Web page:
A good overview of “Islamogames” September 19, 2006Posted by joshg in indie games, Islam.
Though relatively small, Islamogaming is also a diverse field, ranging from amateur projects by students, unabashed anti-Zionist propaganda produced by an internationally recognized terrorist organization, religious games produced to teach Islam to kids, and a set of more sober games designed to explore the complex realities of Middle Eastern history.
There’s certainly much more political focus here than religious; the majority of the games they describe are focused more on undoing the common Arab-villain stereotype, or depicting conflicts between Palestinians or Lebanon with Israel. The title which seems most focused on actually teaching the Muslim faith, U.K.-based Innovative Minds’ game The Resistance, has “kids become make-believe members of Hezbollah’s Islamic Resistance in Southern Lebanon; players get ammo for shooting at Israeli tanks as rewards for providing correct answers to a faith-based history quiz.” Still, whether the games are to your political taste or not, the article is an excellent look into the world of Arab-written video games in the Middle East.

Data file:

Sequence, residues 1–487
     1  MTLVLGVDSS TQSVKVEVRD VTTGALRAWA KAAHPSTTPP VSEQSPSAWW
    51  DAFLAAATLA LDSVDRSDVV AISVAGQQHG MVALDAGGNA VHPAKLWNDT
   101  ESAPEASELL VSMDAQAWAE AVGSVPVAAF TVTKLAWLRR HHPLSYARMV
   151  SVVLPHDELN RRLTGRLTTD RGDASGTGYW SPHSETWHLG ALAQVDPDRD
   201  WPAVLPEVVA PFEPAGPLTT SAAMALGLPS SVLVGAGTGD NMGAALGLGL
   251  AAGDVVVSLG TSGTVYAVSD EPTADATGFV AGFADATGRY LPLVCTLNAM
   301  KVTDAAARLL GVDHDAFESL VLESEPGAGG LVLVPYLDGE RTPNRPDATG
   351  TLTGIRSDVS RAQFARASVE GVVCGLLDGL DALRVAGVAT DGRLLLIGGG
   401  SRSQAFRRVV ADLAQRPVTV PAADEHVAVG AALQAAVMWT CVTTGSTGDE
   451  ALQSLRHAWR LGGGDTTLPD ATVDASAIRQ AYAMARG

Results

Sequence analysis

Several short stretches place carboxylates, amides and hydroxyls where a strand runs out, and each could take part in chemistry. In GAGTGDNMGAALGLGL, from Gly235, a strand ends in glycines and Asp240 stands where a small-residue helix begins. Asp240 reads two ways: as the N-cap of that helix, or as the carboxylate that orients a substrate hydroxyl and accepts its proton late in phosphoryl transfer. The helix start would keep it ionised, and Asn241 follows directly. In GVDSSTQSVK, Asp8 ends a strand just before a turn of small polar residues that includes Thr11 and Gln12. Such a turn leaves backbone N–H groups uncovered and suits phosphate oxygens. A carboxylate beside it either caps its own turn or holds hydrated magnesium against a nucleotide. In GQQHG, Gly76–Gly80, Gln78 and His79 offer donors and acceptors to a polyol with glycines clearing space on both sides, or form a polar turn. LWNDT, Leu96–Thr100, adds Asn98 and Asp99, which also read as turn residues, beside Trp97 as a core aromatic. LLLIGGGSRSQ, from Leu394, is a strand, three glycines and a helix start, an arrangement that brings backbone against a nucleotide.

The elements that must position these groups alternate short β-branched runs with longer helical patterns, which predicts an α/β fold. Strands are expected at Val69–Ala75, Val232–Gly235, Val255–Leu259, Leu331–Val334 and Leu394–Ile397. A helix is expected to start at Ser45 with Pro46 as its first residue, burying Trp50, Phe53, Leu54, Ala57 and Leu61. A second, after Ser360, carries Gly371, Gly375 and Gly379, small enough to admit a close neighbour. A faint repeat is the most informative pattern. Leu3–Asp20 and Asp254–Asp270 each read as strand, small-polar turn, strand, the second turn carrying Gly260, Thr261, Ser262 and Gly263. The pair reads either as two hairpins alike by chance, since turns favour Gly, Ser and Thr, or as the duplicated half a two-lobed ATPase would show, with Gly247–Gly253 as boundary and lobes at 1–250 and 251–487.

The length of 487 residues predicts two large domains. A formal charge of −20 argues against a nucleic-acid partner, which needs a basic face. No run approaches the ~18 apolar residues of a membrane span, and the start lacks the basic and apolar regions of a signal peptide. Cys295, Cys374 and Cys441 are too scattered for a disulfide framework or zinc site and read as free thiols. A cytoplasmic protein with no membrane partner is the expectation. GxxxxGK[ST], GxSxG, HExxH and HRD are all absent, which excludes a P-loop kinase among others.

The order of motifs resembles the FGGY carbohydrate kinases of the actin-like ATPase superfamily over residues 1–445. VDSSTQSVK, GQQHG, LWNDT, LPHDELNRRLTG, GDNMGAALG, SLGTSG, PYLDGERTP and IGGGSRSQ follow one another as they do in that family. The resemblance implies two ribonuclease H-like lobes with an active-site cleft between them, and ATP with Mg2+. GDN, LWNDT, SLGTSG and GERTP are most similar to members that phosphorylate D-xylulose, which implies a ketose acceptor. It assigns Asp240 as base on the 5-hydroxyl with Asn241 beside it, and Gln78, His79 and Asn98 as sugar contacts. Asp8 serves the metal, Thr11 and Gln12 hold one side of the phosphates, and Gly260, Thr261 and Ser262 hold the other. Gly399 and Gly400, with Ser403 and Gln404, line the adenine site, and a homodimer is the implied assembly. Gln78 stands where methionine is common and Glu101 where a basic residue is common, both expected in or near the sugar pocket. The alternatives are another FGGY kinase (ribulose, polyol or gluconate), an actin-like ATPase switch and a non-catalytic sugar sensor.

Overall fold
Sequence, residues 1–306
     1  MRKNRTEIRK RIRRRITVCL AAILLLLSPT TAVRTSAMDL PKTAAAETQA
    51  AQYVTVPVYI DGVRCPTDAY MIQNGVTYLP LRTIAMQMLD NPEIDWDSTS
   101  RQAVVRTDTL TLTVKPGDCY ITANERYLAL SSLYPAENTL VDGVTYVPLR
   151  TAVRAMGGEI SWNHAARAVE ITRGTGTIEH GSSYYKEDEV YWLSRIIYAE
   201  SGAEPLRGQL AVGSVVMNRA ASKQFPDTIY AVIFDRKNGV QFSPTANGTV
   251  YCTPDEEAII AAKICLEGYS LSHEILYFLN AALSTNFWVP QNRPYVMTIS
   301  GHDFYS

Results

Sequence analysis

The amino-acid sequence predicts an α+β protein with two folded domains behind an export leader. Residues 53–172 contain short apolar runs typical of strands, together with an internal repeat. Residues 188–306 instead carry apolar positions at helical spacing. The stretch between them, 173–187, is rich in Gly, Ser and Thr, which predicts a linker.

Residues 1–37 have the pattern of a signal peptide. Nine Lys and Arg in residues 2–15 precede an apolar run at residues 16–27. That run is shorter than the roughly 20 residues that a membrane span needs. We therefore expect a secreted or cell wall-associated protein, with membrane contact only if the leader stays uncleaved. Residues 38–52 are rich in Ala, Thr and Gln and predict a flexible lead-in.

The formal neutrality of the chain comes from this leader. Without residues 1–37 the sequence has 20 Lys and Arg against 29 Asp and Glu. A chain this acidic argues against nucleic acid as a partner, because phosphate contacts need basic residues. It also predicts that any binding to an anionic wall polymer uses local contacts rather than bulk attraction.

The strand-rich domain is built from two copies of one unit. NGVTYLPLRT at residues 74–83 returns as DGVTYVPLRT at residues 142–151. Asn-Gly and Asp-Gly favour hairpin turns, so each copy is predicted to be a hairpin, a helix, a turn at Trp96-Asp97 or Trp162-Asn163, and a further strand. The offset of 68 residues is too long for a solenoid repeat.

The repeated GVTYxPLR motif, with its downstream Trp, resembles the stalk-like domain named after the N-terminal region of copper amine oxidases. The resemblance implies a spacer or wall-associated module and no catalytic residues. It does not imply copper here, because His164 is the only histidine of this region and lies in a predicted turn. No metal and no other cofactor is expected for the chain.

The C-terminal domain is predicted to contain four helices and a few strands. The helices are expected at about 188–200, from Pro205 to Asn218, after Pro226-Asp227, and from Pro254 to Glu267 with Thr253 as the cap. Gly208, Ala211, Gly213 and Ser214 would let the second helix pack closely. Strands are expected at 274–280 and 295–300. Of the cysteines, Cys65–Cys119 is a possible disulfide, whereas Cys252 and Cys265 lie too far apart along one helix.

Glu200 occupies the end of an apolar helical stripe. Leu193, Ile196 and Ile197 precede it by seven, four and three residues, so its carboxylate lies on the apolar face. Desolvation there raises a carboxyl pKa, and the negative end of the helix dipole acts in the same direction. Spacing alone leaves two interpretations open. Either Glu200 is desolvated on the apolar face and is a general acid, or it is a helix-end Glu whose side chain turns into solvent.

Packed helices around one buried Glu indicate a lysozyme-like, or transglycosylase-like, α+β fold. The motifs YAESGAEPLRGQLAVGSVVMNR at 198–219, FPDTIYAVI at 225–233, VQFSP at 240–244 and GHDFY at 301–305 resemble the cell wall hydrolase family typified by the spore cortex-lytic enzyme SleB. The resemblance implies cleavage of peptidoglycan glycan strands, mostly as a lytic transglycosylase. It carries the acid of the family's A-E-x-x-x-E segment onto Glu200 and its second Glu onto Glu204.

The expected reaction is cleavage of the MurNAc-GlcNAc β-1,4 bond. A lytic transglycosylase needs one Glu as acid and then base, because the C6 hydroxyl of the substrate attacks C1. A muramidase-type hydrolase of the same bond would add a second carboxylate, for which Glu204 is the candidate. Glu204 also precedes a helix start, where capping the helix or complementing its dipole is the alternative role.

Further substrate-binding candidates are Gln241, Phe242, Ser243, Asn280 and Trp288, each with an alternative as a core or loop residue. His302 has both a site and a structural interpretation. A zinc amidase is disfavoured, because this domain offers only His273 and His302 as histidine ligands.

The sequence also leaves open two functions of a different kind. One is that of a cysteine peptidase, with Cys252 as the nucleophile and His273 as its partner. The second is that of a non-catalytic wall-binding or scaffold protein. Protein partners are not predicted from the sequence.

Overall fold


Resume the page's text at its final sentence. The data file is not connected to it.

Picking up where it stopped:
Quraish, a title in progress by Akfar Media, might be the most interesting project of the bunch. It’s a Civilization-style game depicting the early rise of Islam.
Kasmiya believes the game will impart a deeper respect for the history of Islam beyond the image of “[the] Crusades, oil, and terrorism” that dominates Western media representations. However, the game has also been controversial to radical fundamentalist Muslims, who fear it might not give the version of history they endorse. “They are afraid that we can’t view Islam in the right way,” Kasmiya says flatly, “or might make fun of spiritual characters.”
Honestly, can we get more history lessons delivered to us via Civ-style gameplay? Sign me up for this one.
Oh, and if you skim the article, make sure you read the last section completely. Granted, it’s a bit weird for them to quote an Israeli artist at the end of this article, but it’s hard to argue with Eddo Stern’s take on the situation.